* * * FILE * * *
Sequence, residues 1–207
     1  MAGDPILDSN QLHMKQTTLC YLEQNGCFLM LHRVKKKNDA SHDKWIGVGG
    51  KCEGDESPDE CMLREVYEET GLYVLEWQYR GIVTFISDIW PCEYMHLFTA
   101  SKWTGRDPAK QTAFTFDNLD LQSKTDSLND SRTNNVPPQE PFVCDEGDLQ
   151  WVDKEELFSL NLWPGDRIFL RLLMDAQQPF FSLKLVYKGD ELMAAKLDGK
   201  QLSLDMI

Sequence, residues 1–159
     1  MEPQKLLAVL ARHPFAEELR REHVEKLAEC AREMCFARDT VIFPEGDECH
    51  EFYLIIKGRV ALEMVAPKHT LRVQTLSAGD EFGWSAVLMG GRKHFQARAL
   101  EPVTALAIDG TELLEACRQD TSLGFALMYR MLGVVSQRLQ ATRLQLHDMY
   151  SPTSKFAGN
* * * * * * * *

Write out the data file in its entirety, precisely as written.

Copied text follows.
Sequence, residues 1–207
     1  MAGDPILDSN QLHMKQTTLC YLEQNGCFLM LHRVKKKNDA SHDKWIGVGG
    51  KCEGDESPDE CMLREVYEET GLYVLEWQYR GIVTFISDIW PCEYMHLFTA
   101  SKWTGRDPAK QTAFTFDNLD LQSKTDSLND SRTNNVPPQE PFVCDEGDLQ
   151  WVDKEELFSL NLWPGDRIFL RLLMDAQQPF FSLKLVYKGD ELMAAKLDGK
   201  QLSLDMI

Sequence, residues 1–159
     1  MEPQKLLAVL ARHPFAEELR REHVEKLAEC AREMCFARDT VIFPEGDECH
    51  EFYLIIKGRV ALEMVAPKHT LRVQTLSAGD EFGWSAVLMG GRKHFQARAL
   101  EPVTALAIDG TELLEACRQD TSLGFALMYR MLGVVSQRLQ ATRLQLHDMY
   151  SPTSKFAGN